Double Wing Caddis Pupa

Double Wing Caddis Pupa

West Kootenay Fishing Report for July 19, 2012

The West Kootenay Fishing Report is a monthly supplement that encourages the exchange of information for local and visiting anglers.

The West Kootenay Fishing Report is a monthly supplement that encourages the exchange of information for local and visiting anglers. Email sports@trailtimes.ca to share a tip or a pic.

Columbia River:

I have to admit, that the water is almost unfishable or so I thought.  After going out on numerous occassions I am amazed at the resilience of the rainbow trout in the Columbia River.

Conditions: Most of the fishable eddies and pockets, as I call them, have been eliminated with the extreme high water, but the areas I did fish along with debris and logs and colored water, I found the fish were still there and very accommodating.  Lots of action, even more so than when the river is clean and clear.

To fish away from the debris I found if I put on an indicator about five or six feet above the fly, added a split shot a foot above the fly I caught fish.

Flies: The fly usually was a bead head of some sort, starting from a copper john, prince nymph, pheasant tail to a simple chironomid.  All were successful.

Now I am even more amazed that the caddis hatch is trying to happen, with the high water and temperatures down from run-off and rain the normal enormous Columbia River caddis hatch is still trying.

It’s still not as abundant as normal but the fish are expecting it and are up on the surface like any year. Just before dark the hatch happens, and the fish are very actively feeding on these small morsels.

Technique: Before any surface action starts I like to fish the pupa patterns, sometimes with a bead and sometimes without.

When the action starts on the surface I change to a dry fly and enjoy seeing the fly taken off the surface, as do all fly fisher persons.

As darkness approaches, the higher and dryer the fly – the better it seems.  So don’t forget the dry fly stuff, ie. gink, moose snot, aquel, repel, shimizaki dry shake or the old stand by mucilin.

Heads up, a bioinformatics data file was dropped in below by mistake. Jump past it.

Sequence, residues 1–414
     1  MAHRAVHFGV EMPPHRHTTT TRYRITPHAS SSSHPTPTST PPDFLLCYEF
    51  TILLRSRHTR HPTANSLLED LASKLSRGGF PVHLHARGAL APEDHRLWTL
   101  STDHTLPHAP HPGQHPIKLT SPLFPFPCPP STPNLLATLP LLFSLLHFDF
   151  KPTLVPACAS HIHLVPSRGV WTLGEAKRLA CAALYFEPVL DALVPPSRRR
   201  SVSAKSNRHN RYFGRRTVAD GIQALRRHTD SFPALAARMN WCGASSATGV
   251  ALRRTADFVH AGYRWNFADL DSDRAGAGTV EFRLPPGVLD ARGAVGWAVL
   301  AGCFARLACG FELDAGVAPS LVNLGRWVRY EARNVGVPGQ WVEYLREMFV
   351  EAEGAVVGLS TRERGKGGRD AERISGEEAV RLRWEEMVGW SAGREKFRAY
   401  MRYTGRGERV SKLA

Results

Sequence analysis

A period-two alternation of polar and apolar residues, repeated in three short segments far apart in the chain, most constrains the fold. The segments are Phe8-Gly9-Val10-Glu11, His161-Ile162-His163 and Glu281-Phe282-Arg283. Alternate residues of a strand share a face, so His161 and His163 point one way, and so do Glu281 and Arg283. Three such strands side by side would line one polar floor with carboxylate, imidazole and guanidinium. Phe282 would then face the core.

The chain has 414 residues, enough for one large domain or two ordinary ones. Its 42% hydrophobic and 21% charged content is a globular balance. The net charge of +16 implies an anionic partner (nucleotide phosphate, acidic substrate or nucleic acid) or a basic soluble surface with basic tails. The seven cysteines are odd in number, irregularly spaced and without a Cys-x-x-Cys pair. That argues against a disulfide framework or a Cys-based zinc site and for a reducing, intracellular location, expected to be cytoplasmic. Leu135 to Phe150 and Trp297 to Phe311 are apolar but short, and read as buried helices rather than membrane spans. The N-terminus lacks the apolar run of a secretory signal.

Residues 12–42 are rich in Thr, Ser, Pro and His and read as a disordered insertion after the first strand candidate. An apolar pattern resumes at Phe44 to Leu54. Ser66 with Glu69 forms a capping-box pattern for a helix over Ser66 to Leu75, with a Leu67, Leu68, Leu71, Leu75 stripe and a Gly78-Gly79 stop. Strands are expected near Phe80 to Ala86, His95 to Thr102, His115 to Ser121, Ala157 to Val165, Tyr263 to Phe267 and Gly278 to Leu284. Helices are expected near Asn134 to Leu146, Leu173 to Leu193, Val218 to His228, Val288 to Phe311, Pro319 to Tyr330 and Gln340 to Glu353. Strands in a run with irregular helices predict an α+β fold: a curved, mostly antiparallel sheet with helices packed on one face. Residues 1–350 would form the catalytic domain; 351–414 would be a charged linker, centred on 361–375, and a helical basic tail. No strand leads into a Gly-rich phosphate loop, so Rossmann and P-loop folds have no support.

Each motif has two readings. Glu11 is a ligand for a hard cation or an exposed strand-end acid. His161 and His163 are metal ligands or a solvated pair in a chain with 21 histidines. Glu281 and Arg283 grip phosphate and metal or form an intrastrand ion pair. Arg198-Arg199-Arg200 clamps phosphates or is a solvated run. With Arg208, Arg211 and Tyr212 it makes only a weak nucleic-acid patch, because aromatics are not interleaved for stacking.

All do the same thing, float the fly.

Fly Patterns: For you fly tyers a couple patterns below will give you an idea as to the flies I am using at this time of year.

Double Wing Caddis Pupa

Hook – Mustad R70 or Dai Riki 305 size –  12 or 14

Thread- 8/0 uni or size 70 utc blk or brown

Body – dubbed wapsi slf squirrel nymph-thorax #SLDW01

Shuck- Ice dubbing uv shrimp pink #343

Wing- two speckled brn soft hackle – cut into V shape

Wing- 4-6 strands of cdc

Wing- 2 strands of crystal flash pearl

Wing/Legs- 1 wrap of hungarian partridge

Head- SLF spikey dubbing # SLFS06 dark brown

Elk Hair Caddis.

Hook- Dry fly Mustad R50 (94840)

Size- 12 or 14

Thread- 6/0 uni or 70 utc blk or brwn

Body- uni stretch brown, olive, black, tan

Hackle- small to match hook size (palmered)

Wing- elk or short/fine deer

Till next time, tight lines and bent rods.

Columbia report is submitted by Rod Zavaduk, avid fly fisher and owner of Castlegar Sports & Fly shop.

Kootenay Lake:

The lake is still at high-water mark and the trout are loving it.

The rain and water levels have helped keep the temperatures down for July, but frequent storms make fishing the surface difficult trolling through the gauntlet of debris.

Nevertheless, lots of dollies (bull trout) are being caught on plugs in water from 40 to 85 feet.

Bulls beef up on Kokanee as they make their way to the tributaries to spawn, so troll the mouths of streams for some great bull trout action.

Rainbows are still hitting hockey sticks (black and silver have been productive) and bucktail flies near the surface, but extreme warm weather will drive them deeper eventually.

Put a little weight on your bucktails or try the new line of fish-skull bucktails that tied with a weighted fish head to get it just below the surface and avoid debris.